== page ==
- The Conversation took place in Northern England, the East Coast of Scotland, Northern Ireland, South Wales and Southern England. Over five virtual workshops people learned about what we trade, how trade deals are negotiated and what the key issues are for the government’s priority trade deals. After much debate and questioning, four issues emerged as the overall priorities for most of the people who took part. These four issues were identified as priorities by the majority of participants across all of the locations after hearing a wide range of evidence and in-depth discussions:
a. Maintain health and safety standards for food and products
b. Maintain data security regulations that protect consumers’ digital rights
c. Protect the environment
d. Help address regional inequalities by protecting and promoting jobs, skills and industries across the UK.
- Four core principles also underpinned the way that people explained what mattered most to them:
- Fairness and trade for good
- Longevity – deals that are future-proofed
- Deals should represent the whole of the UK
- Transparency in trade negotiations.
- A year on from our NTC, Which? reconvened some participants from the NTC in a multi-day online research community to understand their views on the development of the government’s approach since the first conversation, and to see if their priorities had shifted. Which? also supplemented this deliberative research with a survey in June 2021 that was representative of the UK population to find out people’s views on how trade negotiations were progressing and what they considered to be most important. This new research reinforced the importance of the four priorities and in the case of environmental protection, showed that people felt even more strongly that the government needed to ensure trade deals supported efforts to tackle climate change.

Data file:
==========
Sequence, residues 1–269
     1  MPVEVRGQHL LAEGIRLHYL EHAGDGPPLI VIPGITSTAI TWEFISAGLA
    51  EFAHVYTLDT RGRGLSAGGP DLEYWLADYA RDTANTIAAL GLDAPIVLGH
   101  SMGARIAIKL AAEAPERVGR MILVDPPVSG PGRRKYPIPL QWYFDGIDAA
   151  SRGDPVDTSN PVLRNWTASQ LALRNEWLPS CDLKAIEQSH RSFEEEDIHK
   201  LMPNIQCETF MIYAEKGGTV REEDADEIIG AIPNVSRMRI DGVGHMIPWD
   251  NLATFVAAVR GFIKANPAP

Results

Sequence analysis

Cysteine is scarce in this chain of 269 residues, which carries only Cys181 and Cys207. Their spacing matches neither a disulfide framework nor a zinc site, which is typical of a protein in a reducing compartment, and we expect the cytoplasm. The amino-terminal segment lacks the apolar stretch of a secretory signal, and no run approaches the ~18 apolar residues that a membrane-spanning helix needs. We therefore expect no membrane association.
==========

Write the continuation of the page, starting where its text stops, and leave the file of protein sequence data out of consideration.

- These priorities have implications for many aspects of a free trade agreement, or related trade talks, with India and the trade-offs that the government should be prepared to make.
Consumer priorities and the UK’s strategic approach
- The government published its strategic approach to negotiations with India in January, following consultation. This states that “A trade agreement with India will make trade easier and cheaper for UK exporters, whilst improving choice and value for UK consumers”. It goes on to suggest that the removal of tariffs and the provision of greater legal certainty by a free trade agreement would support UK businesses in industries that are keen to export to India such as the automotive, agri-food, machinery, and pharmaceutical industries. In terms of how consumers would benefit – it suggests that manufacturers will be able to save costs by accessing cheaper parts for their products and that UK consumers would benefit from improvements in the variety and affordability of available products.
- Our public dialogues and surveys have shown a strong desire for the government to stand up for UK standards – whether in relation to food and product standards, data protection or environmental protection, as part of the negotiations. Any benefits delivered in terms of greater choice and lower prices will therefore be judged in these terms. It is therefore encouraging to see the government make a number of overarching commitments in this respect. The government states in its strategic approach that one of its overall objectives is to “Ensure high standards and protections for UK consumers and workers and build on our existing international obligations. This will include not compromising on our high environmental protection, animal welfare and food standards, as well as maintaining our right to regulate in the public interest”.
Food and product standards
- More specifically in relation to food and product standards, on sanitary and phytosanitary (SPS) measures, it states that it will uphold the UK’s high levels of food safety, animal and plant health, and animal welfare and the UK’s right to regulate in these areas in the public interest. It will also seek to enhance cooperation on animal welfare and antimicrobial resistance.